Protecting Your Bathroom Floor: How Resealing Your Fixtures Keeps Them Above Ground

22 January 2015
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You have probably seen a few movies that have scenes in them where the bathtub drops through the floor into the room beneath it. You wonder if that is even possible, and worry if your bathroom fixtures might do the same. The next time you hire a plumber for a residential plumbing repair, ask him or her about these Hollywood scenarios and how accurate they really are, or you can just find out here.

Your Base Floor Can Rot

Just like in the movies, your base floor can rot. This is the basic floor paneling that construction workers put down before they put down whatever type of flooring material you want on the surface. Because it is all wood underneath, it is subject to water damage, mildew, and mold. In a bathroom, it is very easy to get the floor overly wet, and if there are some unsealed areas around your fixtures, that water does get to the wood below. Over time, the wood rots and becomes weak, presenting you with a very probable scenario.

Your Toilet and Tub Can Fall Through the Floor

In much newer homes the base floor is often particle board. If you have never seen what happens to particle board when it gets soaking wet, you are about to find out. The particle board eventually turns to mush, and begins to flake and fall apart. Under the weight of a porcelain tub, heavy humans trafficking through the bathroom, and continued moisture, the floor can crack and anything over the top of it falls through. It does not happen all that often, but in homes where the previous owners have not kept up basic bathroom repairs and maintenance, the situation is ripe and ready to happen.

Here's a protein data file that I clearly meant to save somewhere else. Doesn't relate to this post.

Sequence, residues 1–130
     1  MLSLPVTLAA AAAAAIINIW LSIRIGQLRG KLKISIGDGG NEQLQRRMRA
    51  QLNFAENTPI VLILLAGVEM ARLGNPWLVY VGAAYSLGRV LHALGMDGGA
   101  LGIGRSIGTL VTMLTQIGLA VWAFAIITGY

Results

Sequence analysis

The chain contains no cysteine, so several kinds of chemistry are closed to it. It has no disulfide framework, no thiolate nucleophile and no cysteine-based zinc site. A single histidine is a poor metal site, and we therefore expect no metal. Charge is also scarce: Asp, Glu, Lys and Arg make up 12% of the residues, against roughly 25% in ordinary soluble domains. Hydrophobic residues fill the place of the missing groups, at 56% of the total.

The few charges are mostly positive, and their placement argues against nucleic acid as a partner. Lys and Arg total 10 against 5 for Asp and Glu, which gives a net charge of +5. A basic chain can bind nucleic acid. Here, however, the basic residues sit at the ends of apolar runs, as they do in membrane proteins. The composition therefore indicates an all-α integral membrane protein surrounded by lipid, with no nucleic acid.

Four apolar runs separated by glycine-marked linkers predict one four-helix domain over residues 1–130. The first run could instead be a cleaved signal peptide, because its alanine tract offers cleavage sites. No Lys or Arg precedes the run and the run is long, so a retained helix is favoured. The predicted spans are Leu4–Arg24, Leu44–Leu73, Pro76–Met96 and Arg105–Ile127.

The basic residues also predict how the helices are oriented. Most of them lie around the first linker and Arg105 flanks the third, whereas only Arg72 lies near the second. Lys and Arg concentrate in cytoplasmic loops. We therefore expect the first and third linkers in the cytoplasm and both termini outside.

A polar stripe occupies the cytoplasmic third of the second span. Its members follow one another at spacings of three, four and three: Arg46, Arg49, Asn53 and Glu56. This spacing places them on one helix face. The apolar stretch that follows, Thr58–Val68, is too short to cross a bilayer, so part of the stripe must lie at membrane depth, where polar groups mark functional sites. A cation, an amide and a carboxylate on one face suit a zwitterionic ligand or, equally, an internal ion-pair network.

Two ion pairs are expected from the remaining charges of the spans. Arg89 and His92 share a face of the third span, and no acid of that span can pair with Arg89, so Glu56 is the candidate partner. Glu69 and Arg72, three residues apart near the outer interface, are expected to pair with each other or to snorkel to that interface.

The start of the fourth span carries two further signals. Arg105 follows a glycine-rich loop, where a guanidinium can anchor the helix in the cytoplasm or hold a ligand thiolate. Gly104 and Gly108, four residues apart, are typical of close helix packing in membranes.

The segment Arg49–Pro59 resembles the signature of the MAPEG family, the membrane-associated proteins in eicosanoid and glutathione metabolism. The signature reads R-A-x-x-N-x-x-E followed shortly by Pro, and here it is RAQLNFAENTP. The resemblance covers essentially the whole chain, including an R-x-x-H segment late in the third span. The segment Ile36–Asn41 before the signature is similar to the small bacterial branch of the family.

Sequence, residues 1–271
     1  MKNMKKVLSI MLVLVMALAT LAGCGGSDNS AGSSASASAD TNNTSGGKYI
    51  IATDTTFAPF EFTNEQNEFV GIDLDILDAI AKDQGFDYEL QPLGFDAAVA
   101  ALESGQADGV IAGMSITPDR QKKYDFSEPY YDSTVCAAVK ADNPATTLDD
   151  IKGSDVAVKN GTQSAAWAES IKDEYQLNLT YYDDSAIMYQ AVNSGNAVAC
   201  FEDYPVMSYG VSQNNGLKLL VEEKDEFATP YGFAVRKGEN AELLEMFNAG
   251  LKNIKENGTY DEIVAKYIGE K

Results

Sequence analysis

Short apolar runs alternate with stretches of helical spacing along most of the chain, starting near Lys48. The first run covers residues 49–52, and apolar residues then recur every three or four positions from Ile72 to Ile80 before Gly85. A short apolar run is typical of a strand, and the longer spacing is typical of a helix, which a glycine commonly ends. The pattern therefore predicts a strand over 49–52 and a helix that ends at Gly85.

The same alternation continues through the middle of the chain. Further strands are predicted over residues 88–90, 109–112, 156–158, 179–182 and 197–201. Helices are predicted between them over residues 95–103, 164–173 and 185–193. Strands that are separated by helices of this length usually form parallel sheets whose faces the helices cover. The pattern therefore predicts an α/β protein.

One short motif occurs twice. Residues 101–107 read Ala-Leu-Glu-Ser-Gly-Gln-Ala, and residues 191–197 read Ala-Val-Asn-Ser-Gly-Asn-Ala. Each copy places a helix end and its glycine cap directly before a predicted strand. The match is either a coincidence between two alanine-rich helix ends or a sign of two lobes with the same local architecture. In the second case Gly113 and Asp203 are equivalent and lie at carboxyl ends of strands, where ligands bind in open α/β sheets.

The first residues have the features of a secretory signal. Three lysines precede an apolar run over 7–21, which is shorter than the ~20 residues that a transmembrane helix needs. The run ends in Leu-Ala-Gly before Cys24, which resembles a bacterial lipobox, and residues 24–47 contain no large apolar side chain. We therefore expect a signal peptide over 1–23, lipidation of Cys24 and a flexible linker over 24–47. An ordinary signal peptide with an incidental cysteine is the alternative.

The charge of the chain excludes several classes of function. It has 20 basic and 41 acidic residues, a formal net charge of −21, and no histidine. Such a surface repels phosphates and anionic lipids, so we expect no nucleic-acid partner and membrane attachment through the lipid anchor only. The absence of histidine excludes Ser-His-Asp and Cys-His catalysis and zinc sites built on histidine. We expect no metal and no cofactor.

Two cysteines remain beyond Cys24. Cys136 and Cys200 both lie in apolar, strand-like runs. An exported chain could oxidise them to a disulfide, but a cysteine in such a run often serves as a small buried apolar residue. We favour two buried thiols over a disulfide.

Preventing Water Damage and Keeping Your Bathroom Fixtures in Place

To stop this unsettling chain of events, all fixtures have to have a plumbing caulk sealant around their bases. The plumbing caulk halts water from getting to the floor boards underneath and from leaking all over your basement or the ceiling of the room below it. If you do not feel comfortable doing the job yourself, a plumber can do it for you. He or she will first check the flooring and ceilings for water damage, and if there is very little damage present, then the plumber uses a waterproof plumber's caulk to seal the base of your toilet, the base of your tub and tub walls, and any cabinetry or vanity fixtures.

Allow these caulked areas to dry thoroughly, usually a couple of hours or overnight is best. Try to keep your bathroom floor as dry as possible so mildew does not grow on the caulk itself. Although you will not have to do this for a few years, call the residential plumbing repair to re-caulk any areas where the caulk begins to peel up.